Guinea-Bissau migration agency boss arrested for alleged cocaine trafficking
The head of Guinea-Bissau's migration agency has been arrested for suspected involvement in cocaine trafficking, the police said, becoming one of the most senior officials in the West African country detained in connection with drug smuggling.Reuters | Bissau | Updated: 15-09-2020 15:45 IST | Created: 15-09-2020 15:41 IST
The head of Guinea-Bissau's migration agency has been arrested for suspected involvement in cocaine trafficking, the police said, becoming one of the most senior officials in the West African country detained in connection with drug smuggling. Guinea-Bissau is a major crossing point for Latin American cocaine bound for Europe. Experts and diplomats say some military and political officials are heavily involved in the trade.
Migration agency boss Colonel Alassana Diallo was taken into custody last Friday, accused of taking 83 capsules of cocaine for himself after they had been seized at the Bissau airport, said Domingos Monteiro, deputy director of the judicial police. Monteiro said that after the drugs were seized by the judicial police in March, national guard soldiers burst into a police station to free the suspected dealer and take the cocaine.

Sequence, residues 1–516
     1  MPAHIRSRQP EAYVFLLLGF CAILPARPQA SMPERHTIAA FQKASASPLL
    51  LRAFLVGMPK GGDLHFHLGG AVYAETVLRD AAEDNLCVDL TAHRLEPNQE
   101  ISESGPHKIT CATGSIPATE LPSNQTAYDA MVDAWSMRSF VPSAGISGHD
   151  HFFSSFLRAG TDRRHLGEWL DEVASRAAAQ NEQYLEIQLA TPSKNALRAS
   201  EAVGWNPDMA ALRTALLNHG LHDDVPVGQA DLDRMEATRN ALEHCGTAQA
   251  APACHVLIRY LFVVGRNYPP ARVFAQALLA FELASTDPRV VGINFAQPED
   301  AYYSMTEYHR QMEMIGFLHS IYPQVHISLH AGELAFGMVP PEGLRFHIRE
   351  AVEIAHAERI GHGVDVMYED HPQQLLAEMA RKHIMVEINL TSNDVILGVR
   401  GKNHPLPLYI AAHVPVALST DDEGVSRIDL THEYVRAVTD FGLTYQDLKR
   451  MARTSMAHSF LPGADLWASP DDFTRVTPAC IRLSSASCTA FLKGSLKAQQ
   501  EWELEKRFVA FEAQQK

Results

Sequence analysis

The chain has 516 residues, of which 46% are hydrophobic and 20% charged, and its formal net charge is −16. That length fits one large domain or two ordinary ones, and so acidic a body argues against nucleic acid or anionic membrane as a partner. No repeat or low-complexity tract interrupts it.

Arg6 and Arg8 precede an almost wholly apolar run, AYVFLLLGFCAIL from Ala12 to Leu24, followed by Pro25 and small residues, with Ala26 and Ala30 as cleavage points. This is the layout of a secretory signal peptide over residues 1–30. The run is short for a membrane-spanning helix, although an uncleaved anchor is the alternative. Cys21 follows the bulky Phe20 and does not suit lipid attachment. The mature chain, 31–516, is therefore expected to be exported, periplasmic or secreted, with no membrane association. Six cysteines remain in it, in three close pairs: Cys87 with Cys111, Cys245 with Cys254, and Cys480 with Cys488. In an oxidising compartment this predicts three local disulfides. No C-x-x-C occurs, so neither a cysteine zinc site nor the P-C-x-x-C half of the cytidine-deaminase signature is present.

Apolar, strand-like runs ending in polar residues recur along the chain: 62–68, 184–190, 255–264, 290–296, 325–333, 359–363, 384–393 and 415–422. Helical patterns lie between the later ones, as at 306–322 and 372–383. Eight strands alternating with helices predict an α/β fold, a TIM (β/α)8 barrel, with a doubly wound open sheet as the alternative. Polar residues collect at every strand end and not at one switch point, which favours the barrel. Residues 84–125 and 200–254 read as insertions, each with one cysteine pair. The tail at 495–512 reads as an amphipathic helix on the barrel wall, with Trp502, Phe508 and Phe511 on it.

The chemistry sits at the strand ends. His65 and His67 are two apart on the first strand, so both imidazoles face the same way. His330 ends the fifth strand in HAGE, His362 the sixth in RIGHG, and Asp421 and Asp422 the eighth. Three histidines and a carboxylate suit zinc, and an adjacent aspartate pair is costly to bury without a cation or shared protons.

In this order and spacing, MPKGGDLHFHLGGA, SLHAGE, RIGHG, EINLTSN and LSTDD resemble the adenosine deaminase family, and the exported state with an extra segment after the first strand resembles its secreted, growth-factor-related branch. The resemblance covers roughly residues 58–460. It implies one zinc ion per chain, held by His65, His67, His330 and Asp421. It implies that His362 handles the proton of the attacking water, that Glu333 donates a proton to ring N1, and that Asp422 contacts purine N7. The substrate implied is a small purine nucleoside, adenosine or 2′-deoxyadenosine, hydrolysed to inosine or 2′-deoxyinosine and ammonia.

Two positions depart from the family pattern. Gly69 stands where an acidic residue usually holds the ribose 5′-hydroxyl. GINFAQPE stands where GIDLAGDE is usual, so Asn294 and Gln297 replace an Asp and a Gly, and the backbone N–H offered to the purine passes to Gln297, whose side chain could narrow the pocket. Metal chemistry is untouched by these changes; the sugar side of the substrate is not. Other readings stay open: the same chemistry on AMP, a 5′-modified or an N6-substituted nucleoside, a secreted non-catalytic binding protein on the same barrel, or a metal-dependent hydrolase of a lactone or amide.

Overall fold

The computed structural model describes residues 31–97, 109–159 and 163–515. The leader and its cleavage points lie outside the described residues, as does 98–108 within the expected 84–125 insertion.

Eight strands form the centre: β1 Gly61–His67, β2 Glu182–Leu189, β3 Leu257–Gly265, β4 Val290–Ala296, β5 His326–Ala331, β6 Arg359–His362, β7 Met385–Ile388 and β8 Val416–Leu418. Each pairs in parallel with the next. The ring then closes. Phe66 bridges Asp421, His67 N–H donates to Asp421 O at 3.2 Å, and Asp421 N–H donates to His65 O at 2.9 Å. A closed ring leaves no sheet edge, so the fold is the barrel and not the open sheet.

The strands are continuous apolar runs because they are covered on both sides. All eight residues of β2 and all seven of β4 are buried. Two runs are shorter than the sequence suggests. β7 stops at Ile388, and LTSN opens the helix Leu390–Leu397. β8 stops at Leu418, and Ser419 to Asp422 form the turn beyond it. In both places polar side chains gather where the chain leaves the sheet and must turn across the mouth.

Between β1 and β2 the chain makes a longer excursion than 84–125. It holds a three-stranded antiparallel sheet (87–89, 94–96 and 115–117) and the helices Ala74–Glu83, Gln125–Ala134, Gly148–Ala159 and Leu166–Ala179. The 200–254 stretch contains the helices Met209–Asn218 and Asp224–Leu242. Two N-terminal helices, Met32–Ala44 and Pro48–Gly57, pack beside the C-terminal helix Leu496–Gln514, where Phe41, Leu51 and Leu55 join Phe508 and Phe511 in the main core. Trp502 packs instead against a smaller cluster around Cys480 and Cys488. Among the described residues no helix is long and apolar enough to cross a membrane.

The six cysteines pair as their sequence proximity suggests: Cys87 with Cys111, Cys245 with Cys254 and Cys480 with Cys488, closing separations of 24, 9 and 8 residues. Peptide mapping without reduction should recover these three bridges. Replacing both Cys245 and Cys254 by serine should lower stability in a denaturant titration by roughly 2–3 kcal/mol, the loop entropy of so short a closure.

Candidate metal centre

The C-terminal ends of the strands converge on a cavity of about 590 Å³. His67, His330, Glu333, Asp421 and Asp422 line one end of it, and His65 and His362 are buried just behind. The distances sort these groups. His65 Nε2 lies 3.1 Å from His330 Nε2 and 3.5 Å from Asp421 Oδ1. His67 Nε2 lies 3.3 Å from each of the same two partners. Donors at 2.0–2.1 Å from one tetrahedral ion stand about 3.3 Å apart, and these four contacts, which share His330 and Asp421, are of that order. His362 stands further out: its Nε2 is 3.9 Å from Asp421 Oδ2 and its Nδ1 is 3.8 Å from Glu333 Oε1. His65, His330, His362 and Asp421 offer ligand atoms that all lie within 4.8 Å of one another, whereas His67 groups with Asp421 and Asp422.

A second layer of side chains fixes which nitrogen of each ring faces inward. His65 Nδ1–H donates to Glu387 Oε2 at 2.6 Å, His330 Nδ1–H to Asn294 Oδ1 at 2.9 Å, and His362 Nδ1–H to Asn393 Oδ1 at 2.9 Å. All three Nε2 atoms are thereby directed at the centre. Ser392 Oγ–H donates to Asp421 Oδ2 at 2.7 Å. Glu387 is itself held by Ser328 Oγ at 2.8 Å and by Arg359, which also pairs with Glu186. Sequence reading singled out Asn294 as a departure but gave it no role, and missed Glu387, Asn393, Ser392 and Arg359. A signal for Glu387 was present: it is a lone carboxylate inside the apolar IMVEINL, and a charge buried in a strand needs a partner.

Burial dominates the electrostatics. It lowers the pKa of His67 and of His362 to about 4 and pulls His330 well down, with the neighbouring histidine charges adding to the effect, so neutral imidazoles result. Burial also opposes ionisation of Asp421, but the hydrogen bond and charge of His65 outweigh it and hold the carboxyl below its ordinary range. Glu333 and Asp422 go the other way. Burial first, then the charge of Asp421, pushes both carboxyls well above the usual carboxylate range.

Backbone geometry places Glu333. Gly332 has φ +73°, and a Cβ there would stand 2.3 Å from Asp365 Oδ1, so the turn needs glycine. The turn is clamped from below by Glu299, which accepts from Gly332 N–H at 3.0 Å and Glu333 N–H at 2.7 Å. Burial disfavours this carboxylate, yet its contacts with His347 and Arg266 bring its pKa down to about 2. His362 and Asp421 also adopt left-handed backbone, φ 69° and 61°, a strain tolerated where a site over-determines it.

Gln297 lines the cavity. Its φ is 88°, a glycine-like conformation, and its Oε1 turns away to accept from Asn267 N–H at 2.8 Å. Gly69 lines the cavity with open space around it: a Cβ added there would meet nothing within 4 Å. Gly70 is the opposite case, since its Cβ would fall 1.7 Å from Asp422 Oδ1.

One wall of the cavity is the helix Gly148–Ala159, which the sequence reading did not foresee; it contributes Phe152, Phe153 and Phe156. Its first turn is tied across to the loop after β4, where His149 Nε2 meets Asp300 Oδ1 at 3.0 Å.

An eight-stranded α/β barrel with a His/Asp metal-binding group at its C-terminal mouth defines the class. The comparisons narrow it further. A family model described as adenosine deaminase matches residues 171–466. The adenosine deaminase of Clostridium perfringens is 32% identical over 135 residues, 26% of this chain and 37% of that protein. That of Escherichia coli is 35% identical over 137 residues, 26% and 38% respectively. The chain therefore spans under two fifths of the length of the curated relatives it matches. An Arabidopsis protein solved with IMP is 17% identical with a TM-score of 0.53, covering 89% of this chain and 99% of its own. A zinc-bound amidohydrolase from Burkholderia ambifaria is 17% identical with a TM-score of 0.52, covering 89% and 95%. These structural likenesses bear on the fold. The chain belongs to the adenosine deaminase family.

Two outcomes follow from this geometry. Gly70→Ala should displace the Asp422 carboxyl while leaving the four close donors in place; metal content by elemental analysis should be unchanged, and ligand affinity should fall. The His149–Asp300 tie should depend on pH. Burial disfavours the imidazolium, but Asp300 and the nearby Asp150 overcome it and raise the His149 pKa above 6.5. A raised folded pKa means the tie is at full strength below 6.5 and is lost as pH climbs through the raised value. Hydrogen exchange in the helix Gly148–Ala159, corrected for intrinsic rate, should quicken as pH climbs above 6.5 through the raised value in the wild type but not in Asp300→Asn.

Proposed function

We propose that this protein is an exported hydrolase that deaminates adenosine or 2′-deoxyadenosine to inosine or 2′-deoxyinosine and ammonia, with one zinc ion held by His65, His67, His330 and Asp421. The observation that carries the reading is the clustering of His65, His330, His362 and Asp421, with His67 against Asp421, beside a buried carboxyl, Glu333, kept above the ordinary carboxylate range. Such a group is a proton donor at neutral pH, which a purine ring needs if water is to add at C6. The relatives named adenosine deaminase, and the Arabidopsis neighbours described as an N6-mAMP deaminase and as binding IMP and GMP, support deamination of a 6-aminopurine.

The soldiers said they were acting on orders from their boss, Monteiro said. At the time, Diallo was head of criminal investigations for the national guard. Diallo's lawyer, Carlitos Diedhiou, confirmed his client's arrest but said he could not comment further on the case. He said Diallo would be questioned by prosecutors on Tuesday.
Military officers in Guinea-Bissau have often opposed efforts by the judicial police to crack down on smuggling and have intervened to free suspected traffickers. A former navy chief pleaded guilty in 2014 to conspiring to import narcotics into the United States after he was nabbed in a sting operation by the U.S. Drug Enforcement Administration.
Guinea-Bissau police made two of their largest ever cocaine seizures last year, including a 1.8 tonne haul in September. In April, a court convicted 12 people of smuggling the drugs, but the two alleged kingpins of the operation remain at large.